Of note, patients with slow-responding lesions appeared to particularly benefit from the addition of brentuximab vedotin, the authors point out. Three-year event-free survival with standard chemotherapy was 68.3% versus 85.7% among those with slow- versus rapid-responding lesions, respectively, whereas the corresponding rates in the brentuximab vedotin group were 90.7% and 92.3%.
“The superior event-free survival that we found with brentuximab vedotin plus dose-intensive chemotherapy…provides support for its use as first-line therapy in children and adolescents with high-risk Hodgkin lymphoma. Long-term follow-up will be important to more thoroughly assess the occurrence of late events and overall survival,” the team concluded.
Commenting to Medscape Medical News, Feraco said this was “a rigorously designed randomized phase 3 study” in which “more than 90% of these children and young adults were alive and free of lymphoma at 3 years.” She also highlighted the benefits in those with slow-responding lesions.
“Additionally, rates of clinically meaningful peripheral neuropathy — a major consideration for older adults treated with brentuximab vedotin — were low and did not differ between treatment groups,” she said.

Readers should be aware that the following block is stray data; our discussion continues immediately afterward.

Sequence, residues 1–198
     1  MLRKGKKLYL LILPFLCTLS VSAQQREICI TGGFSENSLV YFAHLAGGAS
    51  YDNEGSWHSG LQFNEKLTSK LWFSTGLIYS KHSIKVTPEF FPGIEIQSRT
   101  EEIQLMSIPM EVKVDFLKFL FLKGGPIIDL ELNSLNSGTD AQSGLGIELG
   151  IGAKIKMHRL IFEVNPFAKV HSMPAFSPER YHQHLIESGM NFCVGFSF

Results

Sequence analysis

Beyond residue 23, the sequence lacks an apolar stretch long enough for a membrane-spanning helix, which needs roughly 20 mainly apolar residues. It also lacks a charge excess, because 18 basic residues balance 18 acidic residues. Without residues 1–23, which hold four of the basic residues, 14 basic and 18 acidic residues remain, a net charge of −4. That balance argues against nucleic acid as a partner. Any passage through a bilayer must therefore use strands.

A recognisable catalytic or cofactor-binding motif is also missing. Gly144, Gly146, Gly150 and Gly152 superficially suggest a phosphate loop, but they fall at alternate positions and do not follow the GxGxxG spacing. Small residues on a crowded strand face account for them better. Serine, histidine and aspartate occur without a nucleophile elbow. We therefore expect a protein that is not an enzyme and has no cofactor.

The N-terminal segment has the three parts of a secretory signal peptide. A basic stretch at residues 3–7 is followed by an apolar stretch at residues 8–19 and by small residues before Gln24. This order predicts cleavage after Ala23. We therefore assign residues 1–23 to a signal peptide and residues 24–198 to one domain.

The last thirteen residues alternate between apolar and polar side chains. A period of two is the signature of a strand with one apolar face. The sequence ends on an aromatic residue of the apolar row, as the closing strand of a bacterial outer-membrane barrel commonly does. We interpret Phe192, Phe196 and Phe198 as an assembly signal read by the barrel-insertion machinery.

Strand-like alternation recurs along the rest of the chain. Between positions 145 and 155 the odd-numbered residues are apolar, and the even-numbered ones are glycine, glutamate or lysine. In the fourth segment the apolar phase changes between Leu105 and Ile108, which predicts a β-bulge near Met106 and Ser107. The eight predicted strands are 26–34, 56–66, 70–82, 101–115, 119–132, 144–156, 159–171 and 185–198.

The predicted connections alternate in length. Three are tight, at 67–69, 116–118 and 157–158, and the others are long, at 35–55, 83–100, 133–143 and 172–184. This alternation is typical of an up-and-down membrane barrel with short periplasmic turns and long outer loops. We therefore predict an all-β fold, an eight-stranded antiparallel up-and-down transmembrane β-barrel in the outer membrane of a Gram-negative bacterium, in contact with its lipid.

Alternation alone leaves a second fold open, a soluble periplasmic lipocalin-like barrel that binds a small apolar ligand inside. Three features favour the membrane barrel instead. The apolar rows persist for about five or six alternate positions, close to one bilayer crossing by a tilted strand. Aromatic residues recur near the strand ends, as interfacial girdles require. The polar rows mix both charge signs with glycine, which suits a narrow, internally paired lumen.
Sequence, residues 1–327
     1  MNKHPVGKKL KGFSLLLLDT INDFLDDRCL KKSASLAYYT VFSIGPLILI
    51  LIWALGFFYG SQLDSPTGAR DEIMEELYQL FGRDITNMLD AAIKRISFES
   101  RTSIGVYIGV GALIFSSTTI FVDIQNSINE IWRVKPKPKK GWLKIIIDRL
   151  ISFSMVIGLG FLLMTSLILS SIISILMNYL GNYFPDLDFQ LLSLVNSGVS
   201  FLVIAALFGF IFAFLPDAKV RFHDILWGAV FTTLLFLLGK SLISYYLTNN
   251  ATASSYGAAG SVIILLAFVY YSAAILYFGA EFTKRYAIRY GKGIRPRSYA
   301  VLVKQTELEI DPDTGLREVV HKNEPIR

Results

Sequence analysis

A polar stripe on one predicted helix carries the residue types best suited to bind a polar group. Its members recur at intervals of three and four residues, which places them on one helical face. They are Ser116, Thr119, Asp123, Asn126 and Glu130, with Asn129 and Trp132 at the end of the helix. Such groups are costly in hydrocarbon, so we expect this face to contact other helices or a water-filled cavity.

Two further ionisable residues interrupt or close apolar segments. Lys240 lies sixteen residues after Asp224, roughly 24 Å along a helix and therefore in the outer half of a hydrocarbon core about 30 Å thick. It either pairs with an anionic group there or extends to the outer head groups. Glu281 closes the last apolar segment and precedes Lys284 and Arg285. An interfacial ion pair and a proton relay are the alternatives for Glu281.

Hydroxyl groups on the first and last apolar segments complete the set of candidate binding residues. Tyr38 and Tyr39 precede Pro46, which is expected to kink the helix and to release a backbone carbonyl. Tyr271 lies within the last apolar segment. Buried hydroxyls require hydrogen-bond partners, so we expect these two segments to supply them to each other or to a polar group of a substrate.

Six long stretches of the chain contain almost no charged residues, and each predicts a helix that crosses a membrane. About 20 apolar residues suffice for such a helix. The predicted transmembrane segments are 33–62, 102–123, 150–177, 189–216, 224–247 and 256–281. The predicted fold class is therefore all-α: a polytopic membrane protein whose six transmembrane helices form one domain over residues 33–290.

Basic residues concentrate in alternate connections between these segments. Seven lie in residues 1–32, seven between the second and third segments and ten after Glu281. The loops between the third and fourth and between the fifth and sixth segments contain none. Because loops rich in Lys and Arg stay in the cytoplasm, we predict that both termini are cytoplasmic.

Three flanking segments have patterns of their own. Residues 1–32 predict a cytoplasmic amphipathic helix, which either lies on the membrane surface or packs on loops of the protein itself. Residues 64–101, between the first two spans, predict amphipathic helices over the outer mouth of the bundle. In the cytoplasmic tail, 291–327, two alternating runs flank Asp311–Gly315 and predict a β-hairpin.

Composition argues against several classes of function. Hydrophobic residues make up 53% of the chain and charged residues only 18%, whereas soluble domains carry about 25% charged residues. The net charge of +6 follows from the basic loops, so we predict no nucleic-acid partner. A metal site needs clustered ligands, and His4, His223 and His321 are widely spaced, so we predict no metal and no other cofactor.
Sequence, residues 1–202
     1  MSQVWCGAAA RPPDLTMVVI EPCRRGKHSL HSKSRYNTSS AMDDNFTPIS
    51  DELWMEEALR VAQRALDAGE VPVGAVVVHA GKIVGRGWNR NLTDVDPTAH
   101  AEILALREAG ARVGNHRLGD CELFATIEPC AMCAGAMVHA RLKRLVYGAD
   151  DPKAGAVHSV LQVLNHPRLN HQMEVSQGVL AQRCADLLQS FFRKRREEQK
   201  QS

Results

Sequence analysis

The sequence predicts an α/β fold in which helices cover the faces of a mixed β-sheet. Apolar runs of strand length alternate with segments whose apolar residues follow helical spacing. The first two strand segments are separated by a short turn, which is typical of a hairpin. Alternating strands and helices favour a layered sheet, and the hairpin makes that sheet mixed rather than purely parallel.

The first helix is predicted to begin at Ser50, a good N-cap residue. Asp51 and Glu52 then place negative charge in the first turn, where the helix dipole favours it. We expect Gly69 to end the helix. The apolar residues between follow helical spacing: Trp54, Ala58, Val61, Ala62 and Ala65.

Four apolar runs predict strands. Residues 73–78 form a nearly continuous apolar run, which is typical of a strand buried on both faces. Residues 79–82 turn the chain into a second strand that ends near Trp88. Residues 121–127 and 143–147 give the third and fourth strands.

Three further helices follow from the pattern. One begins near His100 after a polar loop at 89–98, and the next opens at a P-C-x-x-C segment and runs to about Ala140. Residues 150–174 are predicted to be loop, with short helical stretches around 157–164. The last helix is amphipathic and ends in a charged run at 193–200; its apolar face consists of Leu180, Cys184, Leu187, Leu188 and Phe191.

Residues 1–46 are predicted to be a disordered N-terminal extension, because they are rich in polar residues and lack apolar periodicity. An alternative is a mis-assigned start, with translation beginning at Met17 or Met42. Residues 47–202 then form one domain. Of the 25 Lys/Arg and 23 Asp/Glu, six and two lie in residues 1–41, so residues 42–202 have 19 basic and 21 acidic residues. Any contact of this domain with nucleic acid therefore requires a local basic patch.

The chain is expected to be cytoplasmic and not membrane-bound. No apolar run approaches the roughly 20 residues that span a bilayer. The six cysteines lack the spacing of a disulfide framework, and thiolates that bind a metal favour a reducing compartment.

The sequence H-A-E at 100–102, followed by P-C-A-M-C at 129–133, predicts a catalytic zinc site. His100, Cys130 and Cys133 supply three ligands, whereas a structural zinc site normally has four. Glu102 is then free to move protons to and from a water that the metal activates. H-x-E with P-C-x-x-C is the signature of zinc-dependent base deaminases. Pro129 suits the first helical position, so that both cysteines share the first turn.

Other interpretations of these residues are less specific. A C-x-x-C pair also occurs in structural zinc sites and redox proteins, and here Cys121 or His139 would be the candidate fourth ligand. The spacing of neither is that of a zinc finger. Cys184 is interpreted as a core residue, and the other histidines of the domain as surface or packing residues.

However, Feraco again stressed the need to also focus on reducing long-term treatment effects.
“As we seek the optimal regimen for Hodgkin lymphoma in the young, we hope to maximize cure rates while reducing the burden of chronic conditions that may result from our treatments,” she added.
The study authors agree with these future goals, but they also point out that “increasing survival and reducing the incidence of long-term treatment-associated organ dysfunction among children with high-risk Hodgkin lymphoma starts with enhanced disease control at initial treatment” as lower risk of relapse could reduce the need for retreatment with additional toxic therapies.
Castellino, Kelly, and colleagues in COG now seek to build on the current findings in a new phase 3 trial planned for 2023 with an aim of enrolling nearly 2000 children and adults with medium- and low-risk disease to assess whether brentuximab vedotin plus immunotherapy with nivolumab can prolong progression-free survival and further reduce exposure to standard chemotherapy and radiation.
The study was supported by the National Cancer Institute, Seagen (manufacturer of brentuximab vedotin), and St. Baldrick’s Foundation. Feraco is an investigator within the Pediatric Hodgkin Consortium, which is currently investigating a regimen that includes multi-agent chemotherapy and brentuximab vedotin for young people with high-risk pediatric Hodgkin lymphoma. Feraco, as well as Castellino and Roschewski, have reported no relevant financial relationships. Kelly has reported relationships with Merck and Seagen. Bollard has reported relationships with numerous pharmaceutical companies.
Sharon Worcester, MA, is an award-winning medical journalist based in Birmingham, Alabama, writing for Medscape, MDedge, and other affiliate sites. She currently covers oncology, but she has also written on a variety of other medical specialties and healthcare topics. She can be reached at firstname.lastname@example.org or on Twitter: @SW_MedReporter.